What is your favourite of the books on this list? And who do you think might win the Winner of Winners award?

Baileys Prize Shortlist Round-Up, #3

the-dark-circleMy other reviews of the Baileys-shortlisted novels can be found here, here and here.

The Dark Circle was the last of the shortlisted Baileys books I read, and I’m afraid my feelings about it are rather lukewarm. This feels unfair, because Grant achieves everything that she sets out to do; but in contrast to the ambition displayed by the other five books on the list, The Dark Circle felt hemmed in by its own deliberate claustrophobia.

Lenny and Miriam, a Jewish brother and sister, are dispatched from the East End of London to a sanatorium in Kent when they are diagnosed with TB in 1949. Ensconced in this modernist prison, they meet a range of people from all walks of life; from Oxford student Valerie, with whom Miriam shares a freezing cold veranda, to salesman Colin Cox, to the mysterious Hannah, a German lesbian, whose girlfriend is desperately trying to get her access to the latest treatment for TB, the antibiotic streptomycin. The struggle for streptomycin, which is the only hope that most of the patients have for a cure, highlights Grant’s brilliant evocation of an institution caught between a deferential past and a welfare-state future. The sanatorium’s director finds it hard to cope with newer, bolshier, less ‘refined’ patients, and seems less sorry about the restricted supplies of antibiotics than he should be (the scene where he selects four patients to receive the doses that are available is one of the most fascinating in the book, as he makes his choice for reasons ranging from their good moral character to the fact that they build too many things out of matchsticks and it would be good to get rid of them). Grant has carefully researched the alternative, brutal treatments for TB, such as the collapse of a lung or the removal of ribs, and these experiences are vividly portrayed in the suffering of the patients.

Technically, The Dark Circle is excellent. And yet I still struggled with it. The story felt weirdly familiar, even though I can’t name a single comparison title; the arrival of the brash American Arthur Persky, who shakes up sanatorium routines, seemed inevitable, especially the way that he cuts a swathe through the nearby female population by introducing them to oral sex. But the familiarity might not have been a problem if I hadn’t found the book such grim reading. Of course, this shows that Grant has managed exactly what she wanted; she clearly wants us to feel hemmed in by the impossibly dull lives of the patients and to be distressed by the pointlessness of most of the medical options offered. But it wasn’t a novel that I wanted to return to, especially as nobody ever really seems to escape from behind their NHS-provided bars. The few chapters that deal with the world outside, such as the life of Hannah’s girlfriend Sarah, working in London on early television programmes and struggling to deal with the fact that TV is seen as both ‘low-class’ and expensive – were a great relief. The tiny world in which these characters move felt even smaller by the final page.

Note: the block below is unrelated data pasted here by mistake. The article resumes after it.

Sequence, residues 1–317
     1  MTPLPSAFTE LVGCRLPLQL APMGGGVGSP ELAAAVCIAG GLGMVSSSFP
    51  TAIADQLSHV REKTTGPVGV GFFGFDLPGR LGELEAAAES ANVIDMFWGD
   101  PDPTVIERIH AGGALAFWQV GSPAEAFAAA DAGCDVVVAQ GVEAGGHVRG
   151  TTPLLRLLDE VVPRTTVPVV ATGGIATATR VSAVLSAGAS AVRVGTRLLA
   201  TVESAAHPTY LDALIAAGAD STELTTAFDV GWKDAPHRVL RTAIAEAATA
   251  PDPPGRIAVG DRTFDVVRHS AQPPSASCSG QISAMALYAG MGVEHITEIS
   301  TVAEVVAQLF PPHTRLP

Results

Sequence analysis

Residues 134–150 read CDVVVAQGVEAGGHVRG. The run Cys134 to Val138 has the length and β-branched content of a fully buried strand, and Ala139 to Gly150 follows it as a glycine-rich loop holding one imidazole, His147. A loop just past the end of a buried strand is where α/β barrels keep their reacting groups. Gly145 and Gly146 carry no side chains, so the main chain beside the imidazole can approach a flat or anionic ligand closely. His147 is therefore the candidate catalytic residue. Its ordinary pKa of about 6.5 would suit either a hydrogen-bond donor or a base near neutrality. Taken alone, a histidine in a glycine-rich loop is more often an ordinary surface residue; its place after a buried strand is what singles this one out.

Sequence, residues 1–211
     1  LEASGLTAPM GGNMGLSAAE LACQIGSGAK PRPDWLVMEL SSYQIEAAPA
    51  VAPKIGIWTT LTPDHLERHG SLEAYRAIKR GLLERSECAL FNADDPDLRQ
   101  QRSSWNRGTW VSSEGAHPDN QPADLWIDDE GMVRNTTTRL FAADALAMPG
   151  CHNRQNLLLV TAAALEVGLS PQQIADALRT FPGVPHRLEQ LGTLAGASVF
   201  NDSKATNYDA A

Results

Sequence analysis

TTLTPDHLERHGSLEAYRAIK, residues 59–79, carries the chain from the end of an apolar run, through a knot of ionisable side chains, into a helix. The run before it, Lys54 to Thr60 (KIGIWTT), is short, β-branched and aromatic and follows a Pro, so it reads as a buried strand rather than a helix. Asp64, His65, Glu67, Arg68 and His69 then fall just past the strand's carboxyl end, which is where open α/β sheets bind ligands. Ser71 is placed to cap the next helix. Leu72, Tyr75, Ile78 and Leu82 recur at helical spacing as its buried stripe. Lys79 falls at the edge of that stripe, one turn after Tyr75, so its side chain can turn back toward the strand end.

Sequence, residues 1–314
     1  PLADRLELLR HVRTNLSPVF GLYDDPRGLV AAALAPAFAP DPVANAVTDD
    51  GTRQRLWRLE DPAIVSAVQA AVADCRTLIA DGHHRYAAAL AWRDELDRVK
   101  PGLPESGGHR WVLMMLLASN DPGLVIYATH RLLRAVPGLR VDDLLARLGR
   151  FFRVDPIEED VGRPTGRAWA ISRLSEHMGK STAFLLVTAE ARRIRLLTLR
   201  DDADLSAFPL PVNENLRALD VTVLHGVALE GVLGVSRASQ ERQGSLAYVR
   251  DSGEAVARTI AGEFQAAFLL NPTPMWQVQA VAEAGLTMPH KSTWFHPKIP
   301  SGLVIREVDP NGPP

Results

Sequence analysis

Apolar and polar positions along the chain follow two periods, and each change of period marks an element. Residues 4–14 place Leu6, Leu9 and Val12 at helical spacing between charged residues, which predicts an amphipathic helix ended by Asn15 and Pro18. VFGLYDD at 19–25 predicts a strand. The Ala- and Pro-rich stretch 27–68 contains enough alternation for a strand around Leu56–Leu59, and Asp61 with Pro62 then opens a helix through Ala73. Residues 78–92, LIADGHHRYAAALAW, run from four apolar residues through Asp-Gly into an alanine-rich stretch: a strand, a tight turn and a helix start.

(Finally, I don’t know what it says about me and/or The Dark Circle that I could remember ‘streptomycin’ without referring to the text but had to look up the names of most of the characters…)

bwpffshortlist2017-5So, now to the task of putting these six very good novels in some kind of order. My top three all impressed me so much that I’d be happy to see any of them win – and to be honest, all six books have some claim to victory. But in my opinion…

MY WINNER: The Power: Naomi Alderman

2. The Sport of Kings: CE Morgan

3. Stay With Me: Ayòbámi Adébáyò

4. First Love: Gwendoline Riley

5. Do Not Say We Have Nothing: Madeleine Thien

6. The Dark Circle: Linda Grant

I’ve written lots already about these six books, so I won’t say much more here, but in brief: as a reader, I tend to admire daring, scope and heart, even when things go a bit wrong or the writer can’t quite pull it off. I loved Donna Tartt’s The Goldfinch and Hanya Yanagihara’s A Little Lifefor example. So big imaginative books tend to score more highly with me than smaller, more perfect works of art – which is obviously a very subjective thing. Ultimately, The Power is the book from the list that I still think about most, and which will remain with me the longest – that’s why it’s my winner.

I’m looking forward to the announcement of the actual prize on 7th June!

Finally, I was pleased to see that, adopting a collective sponsorship model, the Baileys will be the Women’s Prize For Fiction from 2018 onwards. I think this makes its future more secure – and to be honest, it’s still the Orange Prize to me…

Baileys Prize Shortlist Round-Up, #2

The first part of my Baileys Prize musings can be found here.